It’s always great to have the sukul bhoj (I still have to search what the locals call these phenomenon) but I love this. Sukul bhoj is always exciting, astonishing and boring at the same time. Exciting in the sense that it has really good variety of food; one food is followed by another sequentially and each of them has a meaning and benefit to the body but boring in the sense, we all have to start the eating at the same time and we are tend to finish at the same time and this sometimes make us boring while waiting for another dish once we are done with the given.
Yesterday was my second sukul bhoj and I love it. Don’t tell me that the liquor facilities has just attracted me but in actual it is just more than that. Both of them were in the marriage ceremony. Last one was for our friend N. brother’s marriage ceremony and this time on Friday was for friend S.’s marriage ceremony.
It was brilliant to hear that your love story (college friends) finally became a real husband and wife and want to wish long live your married live Mrs. S.; your marriage let us to have the sukul bhoj for the first time for some of us but second time for me and it was wonderful. Thanks for keeping culture and tradition alive. We almost have forgotten it.
These days we seldom do the marriage at home. We feel easy to handover all the pressure to some party palace/banquet/marriage management office and give them money instead and in return the guests of the marriage just get some restaurant cooked food. Just go to the marriage say hello to bridge and groom, say Namaste to their parents if they are meet on the way; take some chef cooked food and say bye or most of us don’t say bye but just vanish from the marriage event place after taking food. These days these marriage ceremony has become a reason to travel with heavy dress up and make up; place for taking some cool snaps and having so called quality food; the bride and groom will doing their work, who cares!!. I don’t mean that the party palace marriage is to be decreased but mean to say that we should keep our culture alive wherever possible.
The sukul bhoj of last Friday evening was wonderful; As per some of reader who don’t know the contents of sukul bhoj here is the one with their importance.
If we are having sukul bhoj then we have to sit in cross legged on a sukul (a narrow, long straw mat rolled out to accommodate hundreds of guests and usually 18 to 20 inch wide and 15 to 20 feet long is used in these feast). Now, the contents comes, the contents may differ slightly with the family and local area but a generalized menu is almost same in all the places. Here is the sequential oder of the foods that comes in front of us after we sit crossed legged in sukul.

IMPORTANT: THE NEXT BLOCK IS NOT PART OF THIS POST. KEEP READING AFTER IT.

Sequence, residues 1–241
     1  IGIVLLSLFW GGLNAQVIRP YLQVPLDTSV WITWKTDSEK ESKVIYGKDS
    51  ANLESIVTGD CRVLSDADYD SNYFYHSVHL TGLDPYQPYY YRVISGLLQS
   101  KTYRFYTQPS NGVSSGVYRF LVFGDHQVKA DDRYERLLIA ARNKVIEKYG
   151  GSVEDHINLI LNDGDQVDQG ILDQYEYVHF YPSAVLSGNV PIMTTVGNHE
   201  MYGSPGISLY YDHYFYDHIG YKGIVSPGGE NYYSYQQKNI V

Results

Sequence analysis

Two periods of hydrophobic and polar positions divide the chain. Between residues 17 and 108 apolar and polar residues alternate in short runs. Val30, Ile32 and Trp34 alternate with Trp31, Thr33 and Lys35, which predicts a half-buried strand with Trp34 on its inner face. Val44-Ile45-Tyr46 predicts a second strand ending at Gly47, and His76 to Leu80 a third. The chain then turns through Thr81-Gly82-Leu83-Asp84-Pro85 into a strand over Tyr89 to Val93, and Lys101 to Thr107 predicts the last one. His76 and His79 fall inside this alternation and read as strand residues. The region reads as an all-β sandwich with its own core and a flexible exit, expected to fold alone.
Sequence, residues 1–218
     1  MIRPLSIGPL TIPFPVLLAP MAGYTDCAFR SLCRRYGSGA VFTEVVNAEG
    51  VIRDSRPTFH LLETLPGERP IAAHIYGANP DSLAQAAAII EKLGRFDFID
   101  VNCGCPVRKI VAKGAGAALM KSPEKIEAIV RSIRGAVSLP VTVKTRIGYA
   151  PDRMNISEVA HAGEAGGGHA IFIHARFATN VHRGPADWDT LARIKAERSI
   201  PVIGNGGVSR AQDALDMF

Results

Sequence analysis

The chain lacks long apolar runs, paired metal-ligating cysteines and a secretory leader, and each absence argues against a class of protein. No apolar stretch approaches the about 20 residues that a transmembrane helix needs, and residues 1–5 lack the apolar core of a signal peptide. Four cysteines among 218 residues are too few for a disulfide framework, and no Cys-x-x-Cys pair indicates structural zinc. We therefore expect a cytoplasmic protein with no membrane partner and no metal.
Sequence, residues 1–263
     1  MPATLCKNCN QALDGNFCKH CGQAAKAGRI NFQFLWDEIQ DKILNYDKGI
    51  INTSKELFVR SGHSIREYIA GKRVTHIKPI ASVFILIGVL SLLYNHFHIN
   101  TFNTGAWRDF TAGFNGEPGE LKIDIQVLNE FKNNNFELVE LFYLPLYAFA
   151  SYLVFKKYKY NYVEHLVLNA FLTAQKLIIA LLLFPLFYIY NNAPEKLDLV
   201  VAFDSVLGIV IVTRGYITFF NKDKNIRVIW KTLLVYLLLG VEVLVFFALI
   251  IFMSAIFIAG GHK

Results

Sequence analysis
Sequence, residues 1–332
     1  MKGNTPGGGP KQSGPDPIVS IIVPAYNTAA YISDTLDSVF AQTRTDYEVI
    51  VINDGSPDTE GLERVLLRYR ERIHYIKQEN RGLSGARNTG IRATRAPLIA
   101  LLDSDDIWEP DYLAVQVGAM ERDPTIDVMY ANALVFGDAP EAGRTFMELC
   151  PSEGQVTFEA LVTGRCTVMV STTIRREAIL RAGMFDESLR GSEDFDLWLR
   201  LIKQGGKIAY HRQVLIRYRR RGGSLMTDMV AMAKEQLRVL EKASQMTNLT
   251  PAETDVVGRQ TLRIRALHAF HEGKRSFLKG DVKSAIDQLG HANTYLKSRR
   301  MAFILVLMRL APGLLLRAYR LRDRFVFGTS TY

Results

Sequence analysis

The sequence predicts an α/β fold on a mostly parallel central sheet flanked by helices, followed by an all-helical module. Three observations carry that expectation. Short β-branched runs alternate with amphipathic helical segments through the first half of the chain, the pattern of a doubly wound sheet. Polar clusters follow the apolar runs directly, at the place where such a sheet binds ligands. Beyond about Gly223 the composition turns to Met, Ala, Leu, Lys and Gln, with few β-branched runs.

The food items in Bhoj are sequentially served to signify the harmony between food and our body. We can rarely say no and/but the food comes coming: P
Bhoj starts by laying a leaf plate (laptey) in front of each seated guest by servers who are known as Bharin. The feast is served in a laptey, these plates are handmade by stitching together leaves of Sal (botanical name Shorea Robusta) tree by blunt needle-thin bamboo sticks into a shape of about 14-inch round plate. The science behind this is first it is no need to waste water and energy to wash it secondly it is biodegradable.
Thus, now we all of us are sitting down in a long line on a hand woven paddy straw mat on the floor. Then the first eatable item comes
- Baji (Chiura or beaten rice)
Bharins start Bhoye by putting Baji (Chiura or beaten rice) on the leaf plates.
Here is one interesting factor,
we cannot start to eat once the food are in our plate. Usually one Bharin brings one food item followed by another Bharin with another food item and one Bharin put same food to all the guests. So there is sequential of persons getting the food with the sequential food items 🙂
and read thoroughly to know when to start eating 😛
- Aaloo (potato salad)
Next, Achar is put on the plate next to Baji. Achar is a salad made by mixing diced boiled potatoes (Aaloo) with small green peas, seasonal root vegetables such as radish, carrot. It is seasoned with ground sesame, chili, lemon juice, oil, turmeric, salt and fried fenugreek seeds.
- Meat /Dayakugu Laa
The third item served is curried stewed of buffalo meat called Dayakugu Laa. Dayakugu Laa with its gravy is served over the Baji. The rich gravy soaks Baji with its umami flavors as well as softens the crispy Baji.
Often meat pieces that is sacrificed to the gods during the puja/event is shared to the guest as prasad (a piece of offering that is said to have been blessed with the gods power), and as a Prasad we were provided the sheeps meat ;).
There is a choice in alcoholic beverage between thhwno: or chhyanng (a sweet, muddy white, home brewed liquor made from fermented rice), and Ayela (clear, strong, home brewed liquor made from millet or broken rice grains).
In between the first and second rounds, usually ladies of the host family line up and start to lay Salicha (small earthen bowl) in front of each guest. Salicha is a round clay glass about 2 inches in diameter that is used for serving liquor (Chhyanng/Ayela)from a special long vase-like container called Aanti. The ladies pour Ayela/Chhayanng slowly starting close at Salicha and gradually lifting up to the waist level to aerate the alcohol similar concept as aerating the wines.
After serving of Dayakugu Laa/ liquor, guests may begin to eat.
Then the food starts to come nonstop 😛
- Boo Bo (Geda Gudi or mixed beans)
The buffalo stew is followed by Boo Bo (Geda Gudi or mixed beans), which is served as the fourth item. The Boo Bo consists of different types of beans such as Mee Kegu (Methi Kerau) is a mixture of soaked fenugreek seeds mixed with small green peas simmered in aromatic curry. It is seasoned with garlic, ginger, salt, turmeric, cumin, chili, vegetable oil, and cilantro. Kegu (Kerau or yellow peas) and Simpu (Simi or white beans) are two other beans made in the similar way as Mee Kegu. All three Boo Bo are put on the side of the same leaf plate next to Baji by three different Bharins.